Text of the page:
Minority owners of closely held businesses are often shocked to learn what their business partner – usually the majority owner – has been doing with the company’s money. In some cases, an investigation reveals that your worst suspicions are true, and your partner has actually started a competing company on the side. But diverting assets and resources can often have results other than an active, competing business. Sometimes embezzlement is as simple as company funds being used to purchase assets – such as real estate – in which you, of course, have no ownership interest. This can be done by having the jointly-owned company purchase the land outright, or make the mortgage payments on property your business partner has cut you out of. Either way, joint money is being used to subsidize your partner’s solo venture.
I have had clients come to me believing that because they do not have an ownership interest in an asset, they cannot possibly have any rights to it, or in it. But that is not necessarily true. For example, in New Jersey, if you are a 1/3 owner of a company, and the 2/3 majority owner uses company money to buy real property, you may have an excellent argument that you should be legally recognized as a 1/3 owner of the property, or at least be entitled to 1/3 of any profits or proceeds from it. Similarly, if company monies are used to start a competing company, you may be entitled to be awarded 1/3 ownership of that competing company, or at least damages equaling 1/3 of that company’s profits.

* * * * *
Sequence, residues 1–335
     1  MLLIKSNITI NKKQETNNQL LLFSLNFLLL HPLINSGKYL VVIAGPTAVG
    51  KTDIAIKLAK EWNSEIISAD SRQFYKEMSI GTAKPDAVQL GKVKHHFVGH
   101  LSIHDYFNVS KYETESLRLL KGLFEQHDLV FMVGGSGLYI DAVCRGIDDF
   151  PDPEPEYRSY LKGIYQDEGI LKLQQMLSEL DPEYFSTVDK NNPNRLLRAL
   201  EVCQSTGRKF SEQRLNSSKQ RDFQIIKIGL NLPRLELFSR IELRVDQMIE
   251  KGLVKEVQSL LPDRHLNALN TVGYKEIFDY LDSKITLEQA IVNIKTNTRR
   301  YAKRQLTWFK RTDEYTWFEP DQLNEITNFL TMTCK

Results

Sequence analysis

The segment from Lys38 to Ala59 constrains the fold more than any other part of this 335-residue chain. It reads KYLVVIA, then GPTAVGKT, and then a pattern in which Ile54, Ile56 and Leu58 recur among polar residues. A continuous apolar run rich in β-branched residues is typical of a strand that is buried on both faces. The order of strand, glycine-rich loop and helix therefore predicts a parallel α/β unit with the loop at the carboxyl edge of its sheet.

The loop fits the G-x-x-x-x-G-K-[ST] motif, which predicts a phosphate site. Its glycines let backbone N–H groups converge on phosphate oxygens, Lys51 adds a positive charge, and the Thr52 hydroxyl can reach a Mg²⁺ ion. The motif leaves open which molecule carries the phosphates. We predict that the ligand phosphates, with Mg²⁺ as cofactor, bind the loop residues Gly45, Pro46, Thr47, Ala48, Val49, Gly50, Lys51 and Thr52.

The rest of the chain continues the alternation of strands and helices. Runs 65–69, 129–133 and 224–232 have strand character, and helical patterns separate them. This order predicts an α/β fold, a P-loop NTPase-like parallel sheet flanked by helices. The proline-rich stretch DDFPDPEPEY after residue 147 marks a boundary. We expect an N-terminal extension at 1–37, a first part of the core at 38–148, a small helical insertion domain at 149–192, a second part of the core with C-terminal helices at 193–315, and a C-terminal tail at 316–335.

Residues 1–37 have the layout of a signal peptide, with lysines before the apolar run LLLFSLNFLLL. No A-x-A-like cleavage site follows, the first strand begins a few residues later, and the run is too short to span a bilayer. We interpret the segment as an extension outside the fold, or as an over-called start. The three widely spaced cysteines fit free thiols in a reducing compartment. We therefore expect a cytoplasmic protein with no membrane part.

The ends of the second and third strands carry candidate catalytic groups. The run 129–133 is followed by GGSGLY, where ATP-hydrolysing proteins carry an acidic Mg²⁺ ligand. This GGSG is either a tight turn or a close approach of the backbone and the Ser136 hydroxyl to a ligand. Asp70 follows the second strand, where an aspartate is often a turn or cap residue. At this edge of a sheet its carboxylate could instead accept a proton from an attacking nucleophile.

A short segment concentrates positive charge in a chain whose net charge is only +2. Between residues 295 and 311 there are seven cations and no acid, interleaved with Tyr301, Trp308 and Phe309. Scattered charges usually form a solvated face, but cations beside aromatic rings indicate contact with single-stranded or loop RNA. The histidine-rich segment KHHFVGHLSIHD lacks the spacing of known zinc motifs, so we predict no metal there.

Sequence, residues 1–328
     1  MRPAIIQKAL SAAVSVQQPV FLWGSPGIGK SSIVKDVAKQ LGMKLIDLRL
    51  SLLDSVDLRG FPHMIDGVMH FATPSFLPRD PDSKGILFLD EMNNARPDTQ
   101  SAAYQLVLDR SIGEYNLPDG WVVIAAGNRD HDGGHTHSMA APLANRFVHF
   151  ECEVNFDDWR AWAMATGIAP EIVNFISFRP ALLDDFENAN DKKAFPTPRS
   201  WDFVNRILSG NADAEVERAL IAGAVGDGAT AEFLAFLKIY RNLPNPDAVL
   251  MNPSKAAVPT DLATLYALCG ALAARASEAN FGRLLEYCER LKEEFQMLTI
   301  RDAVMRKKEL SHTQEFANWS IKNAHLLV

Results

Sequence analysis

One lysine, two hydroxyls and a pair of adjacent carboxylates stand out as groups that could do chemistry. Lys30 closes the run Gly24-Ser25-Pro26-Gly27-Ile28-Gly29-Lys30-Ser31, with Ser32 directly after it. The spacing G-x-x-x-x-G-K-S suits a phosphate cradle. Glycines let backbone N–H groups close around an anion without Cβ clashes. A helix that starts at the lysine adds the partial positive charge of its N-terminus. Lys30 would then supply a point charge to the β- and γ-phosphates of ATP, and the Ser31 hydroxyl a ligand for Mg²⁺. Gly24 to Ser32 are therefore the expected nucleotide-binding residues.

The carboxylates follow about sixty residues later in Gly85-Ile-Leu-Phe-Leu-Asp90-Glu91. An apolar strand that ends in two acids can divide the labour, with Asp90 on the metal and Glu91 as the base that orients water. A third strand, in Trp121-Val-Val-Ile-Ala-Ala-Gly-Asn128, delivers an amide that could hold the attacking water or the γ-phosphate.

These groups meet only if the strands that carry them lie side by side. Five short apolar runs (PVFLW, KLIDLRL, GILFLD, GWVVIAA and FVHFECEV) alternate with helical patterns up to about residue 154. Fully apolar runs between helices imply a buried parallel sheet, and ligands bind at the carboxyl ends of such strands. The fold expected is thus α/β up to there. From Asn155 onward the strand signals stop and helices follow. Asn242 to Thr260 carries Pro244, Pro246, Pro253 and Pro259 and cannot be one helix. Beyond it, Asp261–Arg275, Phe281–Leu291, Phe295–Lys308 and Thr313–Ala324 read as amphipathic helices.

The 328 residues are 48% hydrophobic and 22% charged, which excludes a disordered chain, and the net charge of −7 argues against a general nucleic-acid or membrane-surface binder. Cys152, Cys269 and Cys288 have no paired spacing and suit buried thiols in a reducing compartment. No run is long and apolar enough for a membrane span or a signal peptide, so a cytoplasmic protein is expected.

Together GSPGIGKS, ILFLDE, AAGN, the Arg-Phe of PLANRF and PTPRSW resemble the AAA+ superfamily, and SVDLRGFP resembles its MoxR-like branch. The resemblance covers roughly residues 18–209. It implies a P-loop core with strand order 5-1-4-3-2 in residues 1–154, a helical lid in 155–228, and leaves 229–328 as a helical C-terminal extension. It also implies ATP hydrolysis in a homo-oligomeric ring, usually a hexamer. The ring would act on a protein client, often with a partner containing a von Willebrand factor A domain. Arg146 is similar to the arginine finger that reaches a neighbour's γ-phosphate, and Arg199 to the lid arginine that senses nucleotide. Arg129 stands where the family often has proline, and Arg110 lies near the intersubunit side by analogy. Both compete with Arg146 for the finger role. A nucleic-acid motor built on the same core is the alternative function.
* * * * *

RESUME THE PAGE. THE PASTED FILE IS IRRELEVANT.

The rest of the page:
The logic is obvious – 1/3 of the money improperly used effectively belongs to you. However, many business owners suspect something like this for years but fail to act, usually because they think it’s too late once the money is gone. If you believe money is unaccounted for in your own company, you are entitled to answers. If you can’t understand why your business partner is suddenly devoting time to other business ventures, but will not explain to you what he is doing, you are entitled to answers. If you do a search and learn that your business partner owns real estate, and you can’t understand how he paid for it and want to know if any of your money was used, you are entitled to answers. You can get those answers in court – but the fact that you are entitled to do so should help you get them without resorting to a disruptive and expensive judicial filing.
When, exactly, you learned of the embezzlement will impact how long you have to take action before it is legally too late. So if you have suspicions, don’t wait to seek legal advice. You just may have more rights than you realize.
©2022 Norris McLaughlin P.A., All Rights ReservedNational Law Review, Volume XII, Number 119